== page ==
Today the toroidal field magnet was successfully energized with a current of 25.7kA therefore reaching its full design magnetic field.
The toroidal field magnet comprises 18 D-shaped coils arranged in a ring, with the straight sections of their D-shapes pressed together as shown below. The JT-60SA plasma will be created inside the toroidal (i.e. shaped like a ring doughnut) vacuum vessel inside them (passing through the middle of each D). Each of the 18 coils is 7.5m high and 4.5m wide and together they weigh 370 tonnes. They produce a magnetic field running around the torus which has strength of 2.25T at the centre of its cross section. This field is fundamental to confining the superheated plasma of the tokamak.
During energization the coils move as illustrated in the animation (the actual movement is magnified 100 times), with their curved outer legs sliding within their support structures.
The successful generation of the toroidal field demonstrates the simultaneous operation of numerous tokamak systems, in particular the cryoplant, cryodistribution, cryostat and thermal shields maintaining the magnet at 4.2K, the power supply energizing it, the instrumentation ensuring its safe operation and the central control system supervising them.
We are pleased to announce the launch of our brandnew JT-60SA website!
The new website replaces the former JT-60SA one with updated contents and style. It aims to provide the visitors with information on JT-60SA and its recent updates, while introducing the project to a wider general public, including students, the press, and researchers.
The new website will be regularly updated with interesting audiovisual information and research highlights of the JT-60SA project in Naka, Japan.
Today the first of the superconducting tokamak coils was supplied with power. Equilibrium field (EF) coil 2, located towards the top of the tokamak, was supplied with up to 1 kA by about 21:00 JST. The EF 2 magnet is almost 10m in diameter and weighs over 30 tonnes. This is a major project milestone, following the recent completion not only of the cooling down of the magnet system to 4.5 K but also the completion of the combination testing of the power supplies. Today after confirming the temperatures, pressures and flow rates of the cryogenic distribution system and testing the effects of the quench protection systems with synthetic signals, it was finally possible to send current to the coils whose field will soon confine JT-60SA plasmas. A quench occurs when a superconductor loses its ability to carry current without resistance. In these circumstances the magnets must be discharged rapidly to avoid damage. In the next days the current supplied to EF2 will be gradually increased as the quench detection circuits and the power supply controllers are tuned. The stainless steel vacuum vessel has a double wall and is heated by passing hot nitrogen gas between the inner and outer shells. The gas is heated electrically in the torus hall basement and is circulated in a closed loop. The baking of the vacuum vessel causes a substantial increase in the heat radiated to the thermal shield around the cryogenic magnets and a corresponding increase in liquid nitrogen consumption by the cryoplant keeping it cold.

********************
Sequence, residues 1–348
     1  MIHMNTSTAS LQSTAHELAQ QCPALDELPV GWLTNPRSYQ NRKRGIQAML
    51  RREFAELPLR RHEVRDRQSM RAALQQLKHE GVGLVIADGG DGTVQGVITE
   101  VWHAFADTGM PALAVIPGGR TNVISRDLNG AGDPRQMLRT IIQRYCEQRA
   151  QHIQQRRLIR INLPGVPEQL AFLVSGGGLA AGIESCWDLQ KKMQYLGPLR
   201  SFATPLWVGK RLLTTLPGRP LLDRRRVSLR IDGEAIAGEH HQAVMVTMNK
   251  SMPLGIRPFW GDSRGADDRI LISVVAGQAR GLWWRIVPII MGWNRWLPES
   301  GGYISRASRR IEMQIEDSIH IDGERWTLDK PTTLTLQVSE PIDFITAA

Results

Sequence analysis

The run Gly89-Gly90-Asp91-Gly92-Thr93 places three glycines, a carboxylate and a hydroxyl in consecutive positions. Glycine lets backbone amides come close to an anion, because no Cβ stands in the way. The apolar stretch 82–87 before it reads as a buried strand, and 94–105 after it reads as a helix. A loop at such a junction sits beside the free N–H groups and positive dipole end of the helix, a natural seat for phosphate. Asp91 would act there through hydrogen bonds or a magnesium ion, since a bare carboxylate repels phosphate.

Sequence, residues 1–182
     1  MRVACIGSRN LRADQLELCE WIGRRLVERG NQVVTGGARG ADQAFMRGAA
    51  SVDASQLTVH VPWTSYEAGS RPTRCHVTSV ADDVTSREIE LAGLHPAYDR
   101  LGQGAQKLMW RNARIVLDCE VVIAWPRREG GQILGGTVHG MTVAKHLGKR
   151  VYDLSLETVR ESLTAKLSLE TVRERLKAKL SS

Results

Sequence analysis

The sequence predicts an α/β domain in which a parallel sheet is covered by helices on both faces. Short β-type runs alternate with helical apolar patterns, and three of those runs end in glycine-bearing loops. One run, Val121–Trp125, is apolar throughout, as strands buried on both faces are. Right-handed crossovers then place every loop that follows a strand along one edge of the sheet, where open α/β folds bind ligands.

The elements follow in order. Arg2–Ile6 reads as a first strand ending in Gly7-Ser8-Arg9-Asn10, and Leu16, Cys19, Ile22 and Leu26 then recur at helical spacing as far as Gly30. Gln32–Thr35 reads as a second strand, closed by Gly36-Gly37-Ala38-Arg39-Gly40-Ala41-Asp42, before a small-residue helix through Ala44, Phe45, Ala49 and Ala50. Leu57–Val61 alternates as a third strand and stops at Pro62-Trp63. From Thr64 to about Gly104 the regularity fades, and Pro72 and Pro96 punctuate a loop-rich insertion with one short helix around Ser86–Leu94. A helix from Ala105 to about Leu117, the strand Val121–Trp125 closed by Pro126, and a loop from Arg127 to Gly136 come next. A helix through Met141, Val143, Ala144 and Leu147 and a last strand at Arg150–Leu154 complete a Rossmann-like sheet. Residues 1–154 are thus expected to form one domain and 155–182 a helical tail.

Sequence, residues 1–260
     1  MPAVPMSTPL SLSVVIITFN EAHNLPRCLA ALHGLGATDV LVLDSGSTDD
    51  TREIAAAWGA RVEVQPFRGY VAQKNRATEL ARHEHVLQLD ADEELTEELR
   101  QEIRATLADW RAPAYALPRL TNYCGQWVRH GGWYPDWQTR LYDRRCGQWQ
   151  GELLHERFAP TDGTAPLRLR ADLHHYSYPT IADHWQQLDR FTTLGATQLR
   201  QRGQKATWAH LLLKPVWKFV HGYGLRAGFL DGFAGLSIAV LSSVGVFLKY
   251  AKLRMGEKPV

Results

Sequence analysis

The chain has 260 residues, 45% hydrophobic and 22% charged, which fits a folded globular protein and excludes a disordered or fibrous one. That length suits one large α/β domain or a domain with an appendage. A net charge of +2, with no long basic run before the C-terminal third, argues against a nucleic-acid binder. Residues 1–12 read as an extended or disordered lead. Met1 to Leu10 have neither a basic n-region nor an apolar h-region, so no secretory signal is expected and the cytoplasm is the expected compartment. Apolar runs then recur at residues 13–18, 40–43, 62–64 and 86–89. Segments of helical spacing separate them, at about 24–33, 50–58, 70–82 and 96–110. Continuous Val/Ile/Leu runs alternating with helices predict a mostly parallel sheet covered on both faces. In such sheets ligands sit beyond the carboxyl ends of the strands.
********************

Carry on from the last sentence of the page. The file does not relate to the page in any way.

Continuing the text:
Having cooled down the magnets in the cryostat, now the vacuum vessel is being heated up to 200°C. The purpose of this ´baking´ process is to drive out moisture and other impurities from the surfaces inside the vacuum vessel sufficiently to provide the ultra high vacuum needed for high quality plasma experiments. The presence of too great a quantity of impurities can prevent the reliable formation of a plasma. It can also cause too much energy to be lost from the plasma or cause it to disrupt, ending out of control. In particular the graphite armour covering about 50% of the straight section of the inner wall and the open divertor running around the top of the toroidal vacuum chamber can absorb water which needs to be baked out.
The stainless steel vacuum vessel has a double wall and is heated by passing hot nitrogen gas between the inner and outer shells. The gas is heated electrically in the torus hall basement and is circulated in a closed loop. The baking of the vacuum vessel causes a substantial increase in the heat radiated to the thermal shield around the cryogenic magnets and a corresponding increase in liquid nitrogen consumption by the cryoplant keeping it cold.
In the last 24 hours the magnets reached a low enough temperature to become superconducting. First the resistance of the niobium-tin windings of the central solenoid could be seen to drop to zero and then, about 12 hours later, the toroidal field and equilibrium field coils made from niobium-titanium followed.
The electrical resistance of the magnet windings is monitored primarily as an additional means to measure the average temperature of the winding, since their resistance depends on their temperature. However, below a certain cryogenic temperature the resistance of the materials drops to zero and they can carry current without consuming any power. This happens at about 18K for Nb3Sn and at about 10 K for NbTi. It is no longer possible to derive their temperature from that measurement – but it confirms their most important property! Exploiting this phenomenon is a key feature of the JT-60SA tokamak that will enable it to generate strong magnetic fields during long experiments.